The A-7 Attack Jet’s Head Up Display Was A Revolution In Air Combat Tech

It was the first use of a true Head Up Display on a U.S. combat aircraft and historic videos show just how it worked and how much they got right.

byTyler Rogoway|
Attack photo


The Ling-Temco-Vought A-7 Corsair II wasn't sexy, it looked like a fat version of the F-8 Crusader from which it drew its lineage, but it sure was smart. It featured a slew of advanced avionics that would make its single pilot's job easier and their attacks far more precise. One of these features was central to the leap in combat capabilities the stubby aircraft represented—the Head Up Display (HUD). 

The A-7 was the first operational American combat aircraft to get a fully instrumented HUD as we understand the concept today. This new addition was a monumental revolution in technology that changed air combat forever.

A-7s with their predecessor, the A-4 Skyhawk, aboard the USS Ticonderoga in 1968., USN

Before the A-7, tactical jets were receiving increasingly complex holographic gunsights with simple symbology, but nothing was tied directly to computers that worked to present all the key weapons delivery and primary flight information right up in front of the pilot's eyes as they peered through the windscreen.

The A-7 HUD, EU, and PDU shown by Colin Marshall. In October 1967 it was announced from Dallas in Texas U.S.A that Elliott Flight Automation had been awarded a four-year contract to supply LTV with Head Up Displays for the A-7. The initial contract was worth £14million for 1,200 displays and was the largest ever awarded to a British firm., Rochester Avionic Archives

Looking back at the A-7's AN/AVQ-7(V) HUD, which was made by Elliott Flight Automation along with Marconi, it is amazing what they pulled off in the mid-1960s. Much of the HUD's general layout and symbology is still in use today, and just how deeply integrated the HUD was with the jet's radar, navigation, and other systems is absolutely remarkable. Flight data 'tapes,' velocity vector, pitch ladder, steering cues, targeting points, bomb azimuth guides, AoA E-bracket, and much more are all there, just as they remain on so many tactical aircraft HUDs today.

A-7 Cockpit, US Government Photo

The aircraft's HUD and the avionics and sensors that were tied into it greatly helped the A-7 become renowned as an incredibly precise weapons delivery platform in an age that predated the widespread use of precision-guided weapons. Various reports state that the A-7 improved the accuracy of weapons delivery by a multiple over the aircraft that came before it, most notably the plane it was meant to initially replace within the U.S. Navy, the A-4 Skyhawk. The A-7 would go on to serve in the USAF and Hellenic Air Force, as well as with Portugal and Thailand.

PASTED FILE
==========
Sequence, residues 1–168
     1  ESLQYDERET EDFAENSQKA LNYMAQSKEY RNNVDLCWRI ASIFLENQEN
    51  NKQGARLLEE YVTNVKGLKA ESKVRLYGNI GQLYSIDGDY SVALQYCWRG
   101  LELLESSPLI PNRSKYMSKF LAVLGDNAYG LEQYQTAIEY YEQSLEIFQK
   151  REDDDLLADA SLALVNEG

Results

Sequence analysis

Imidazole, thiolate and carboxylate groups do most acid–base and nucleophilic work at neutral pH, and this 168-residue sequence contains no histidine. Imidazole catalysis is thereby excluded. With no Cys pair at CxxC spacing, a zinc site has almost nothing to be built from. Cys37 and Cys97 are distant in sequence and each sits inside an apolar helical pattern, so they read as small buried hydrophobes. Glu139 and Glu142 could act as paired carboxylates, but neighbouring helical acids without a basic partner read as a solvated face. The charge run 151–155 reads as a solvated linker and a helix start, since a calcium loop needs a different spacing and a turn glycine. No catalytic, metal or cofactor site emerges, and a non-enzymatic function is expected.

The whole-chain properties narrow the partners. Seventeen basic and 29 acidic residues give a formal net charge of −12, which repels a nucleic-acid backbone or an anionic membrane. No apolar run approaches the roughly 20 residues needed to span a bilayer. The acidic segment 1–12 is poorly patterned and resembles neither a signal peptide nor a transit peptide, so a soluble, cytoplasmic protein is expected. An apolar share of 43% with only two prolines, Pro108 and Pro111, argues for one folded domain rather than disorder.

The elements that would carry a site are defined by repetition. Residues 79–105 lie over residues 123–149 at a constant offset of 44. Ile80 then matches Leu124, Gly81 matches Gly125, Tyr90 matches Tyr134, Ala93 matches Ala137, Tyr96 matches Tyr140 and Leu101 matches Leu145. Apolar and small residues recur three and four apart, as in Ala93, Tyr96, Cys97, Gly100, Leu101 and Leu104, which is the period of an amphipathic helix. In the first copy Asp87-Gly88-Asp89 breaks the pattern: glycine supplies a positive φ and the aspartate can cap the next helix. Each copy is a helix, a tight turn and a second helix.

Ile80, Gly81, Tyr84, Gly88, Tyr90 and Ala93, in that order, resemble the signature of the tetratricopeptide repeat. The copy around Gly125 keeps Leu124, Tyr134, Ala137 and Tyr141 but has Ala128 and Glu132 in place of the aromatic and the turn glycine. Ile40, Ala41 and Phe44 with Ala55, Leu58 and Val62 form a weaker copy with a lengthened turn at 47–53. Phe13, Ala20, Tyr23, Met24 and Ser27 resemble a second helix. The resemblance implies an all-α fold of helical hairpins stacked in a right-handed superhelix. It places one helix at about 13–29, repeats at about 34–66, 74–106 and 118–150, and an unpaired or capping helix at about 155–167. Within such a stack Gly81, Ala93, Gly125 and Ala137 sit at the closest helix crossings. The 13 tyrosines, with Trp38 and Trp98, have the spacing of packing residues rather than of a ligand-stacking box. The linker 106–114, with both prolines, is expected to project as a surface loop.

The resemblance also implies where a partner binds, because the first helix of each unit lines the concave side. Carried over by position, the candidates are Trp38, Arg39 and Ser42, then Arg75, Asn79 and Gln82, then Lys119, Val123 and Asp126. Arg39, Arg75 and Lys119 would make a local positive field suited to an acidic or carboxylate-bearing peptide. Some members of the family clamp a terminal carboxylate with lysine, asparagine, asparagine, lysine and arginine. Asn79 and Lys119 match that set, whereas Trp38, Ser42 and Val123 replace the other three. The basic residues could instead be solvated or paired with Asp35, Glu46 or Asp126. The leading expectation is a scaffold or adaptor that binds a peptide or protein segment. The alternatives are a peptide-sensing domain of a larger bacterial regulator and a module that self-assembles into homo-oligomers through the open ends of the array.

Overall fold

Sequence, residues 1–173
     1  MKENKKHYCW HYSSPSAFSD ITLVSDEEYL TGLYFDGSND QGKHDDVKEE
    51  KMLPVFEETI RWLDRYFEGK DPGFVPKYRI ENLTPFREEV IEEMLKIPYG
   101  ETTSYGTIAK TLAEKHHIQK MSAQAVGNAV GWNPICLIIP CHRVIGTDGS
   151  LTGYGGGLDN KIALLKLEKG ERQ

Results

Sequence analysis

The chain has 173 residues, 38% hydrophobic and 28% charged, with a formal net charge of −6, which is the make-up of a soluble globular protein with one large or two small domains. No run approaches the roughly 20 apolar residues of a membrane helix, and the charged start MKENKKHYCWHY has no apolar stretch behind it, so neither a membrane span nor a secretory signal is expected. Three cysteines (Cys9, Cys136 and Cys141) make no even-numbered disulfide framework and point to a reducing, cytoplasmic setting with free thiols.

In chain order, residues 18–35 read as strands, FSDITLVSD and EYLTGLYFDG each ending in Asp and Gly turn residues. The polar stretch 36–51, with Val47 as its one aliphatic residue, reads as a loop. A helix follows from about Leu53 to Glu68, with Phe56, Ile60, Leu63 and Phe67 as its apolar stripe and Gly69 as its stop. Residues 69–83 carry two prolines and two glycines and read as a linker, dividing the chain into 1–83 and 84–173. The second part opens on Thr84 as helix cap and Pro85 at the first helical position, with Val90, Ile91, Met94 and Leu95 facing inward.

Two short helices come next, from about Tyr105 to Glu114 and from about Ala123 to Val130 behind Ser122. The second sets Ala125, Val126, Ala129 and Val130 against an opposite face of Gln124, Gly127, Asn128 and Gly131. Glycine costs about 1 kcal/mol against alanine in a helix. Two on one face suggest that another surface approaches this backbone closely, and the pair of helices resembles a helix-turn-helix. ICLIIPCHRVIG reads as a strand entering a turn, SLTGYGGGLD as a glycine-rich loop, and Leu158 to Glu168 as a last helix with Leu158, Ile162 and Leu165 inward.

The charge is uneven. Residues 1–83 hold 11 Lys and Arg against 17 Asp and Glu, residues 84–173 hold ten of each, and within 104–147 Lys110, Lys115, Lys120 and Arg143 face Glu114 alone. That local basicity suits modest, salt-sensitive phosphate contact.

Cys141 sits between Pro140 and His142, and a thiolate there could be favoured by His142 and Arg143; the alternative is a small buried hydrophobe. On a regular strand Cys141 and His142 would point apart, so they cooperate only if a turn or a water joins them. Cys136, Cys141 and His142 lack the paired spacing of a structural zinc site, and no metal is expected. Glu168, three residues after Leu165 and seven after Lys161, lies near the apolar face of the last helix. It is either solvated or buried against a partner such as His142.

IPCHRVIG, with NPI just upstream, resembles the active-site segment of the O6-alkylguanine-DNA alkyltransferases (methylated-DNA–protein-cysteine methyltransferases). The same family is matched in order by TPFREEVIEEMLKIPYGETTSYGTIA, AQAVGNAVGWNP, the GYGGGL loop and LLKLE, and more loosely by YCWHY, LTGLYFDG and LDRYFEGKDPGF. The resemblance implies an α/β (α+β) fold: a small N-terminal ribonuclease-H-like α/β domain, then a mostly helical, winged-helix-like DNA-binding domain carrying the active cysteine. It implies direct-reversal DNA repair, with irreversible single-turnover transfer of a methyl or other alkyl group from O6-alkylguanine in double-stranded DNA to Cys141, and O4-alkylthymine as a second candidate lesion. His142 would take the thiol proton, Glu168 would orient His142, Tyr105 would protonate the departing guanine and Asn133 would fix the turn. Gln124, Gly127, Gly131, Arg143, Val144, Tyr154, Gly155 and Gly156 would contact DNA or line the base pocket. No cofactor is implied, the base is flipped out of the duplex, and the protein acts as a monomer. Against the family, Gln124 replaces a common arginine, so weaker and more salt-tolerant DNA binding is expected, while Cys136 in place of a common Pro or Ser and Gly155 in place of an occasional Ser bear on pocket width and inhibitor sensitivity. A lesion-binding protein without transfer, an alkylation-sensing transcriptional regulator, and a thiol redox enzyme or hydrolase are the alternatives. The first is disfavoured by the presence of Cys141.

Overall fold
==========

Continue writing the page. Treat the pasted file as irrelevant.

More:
Check out the absolutely awesome time capsule-like industry videos below that go over the symbology and functionality of the Corsair II's revolutionary HUD:

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The A-7 would continue to make history in terms of pilot visual and targeting aids with the introduction of the first raster scan/CRT HUD that allowed for video imagery, as well as HUD symbology, to be projected in front of the pilot. As such, video from a forward-looking infrared (FLIR) pod could be projected into the pilot's forward field of view, giving them a degree of night vision. When tied to terrain-following radar, precision all-weather, day-night attack capability was had. The FLIR pods could also be used to verify targets via a zoom function. This program was known as the A-7E Target Recognition Attack Multisensor (TRAM) configuration.

Roughly over a decade and a half later, this capability would become a staple on many U.S. fighters, especially those that used the LANTIRN system, such as the Block 40 F-16C/D and the F-15E. The F/A-18 Hornet also had this capability via its AAS-38A/B Nite Hawk pod and its raster-scan HUD. 

A-7s carrying TRAM FLIR pods. , USN

In many ways, the A-7 was ahead of its time, with its incredible mix of extreme range, payload, avionics, and overall efficiency. What it didn't have going for it was looks or speed, which can be a deadly mix of deficiencies for a tactical jet trying to survive in a fighter pilot-Pentagon.  I often muse that such an aircraft in updated form would have been extremely valuable during the Global War On Terror. And of course, the A-7 could have turned into a higher-performance, even more advanced machine via the A-7F Strikefighter, but this never came to pass. It turned out to be yet another instance of 'what could have been.' You can read all about it in this prior feature of mine

Regardless, one has to hand it to Elliott and Marconi, as well as the entire A-7 team, for getting the HUD so right on its first try. They truly changed air combat forever in the process. 

Hat tip to Rochester Avionic Archives for being such a cool repository for much of this visual historic info!

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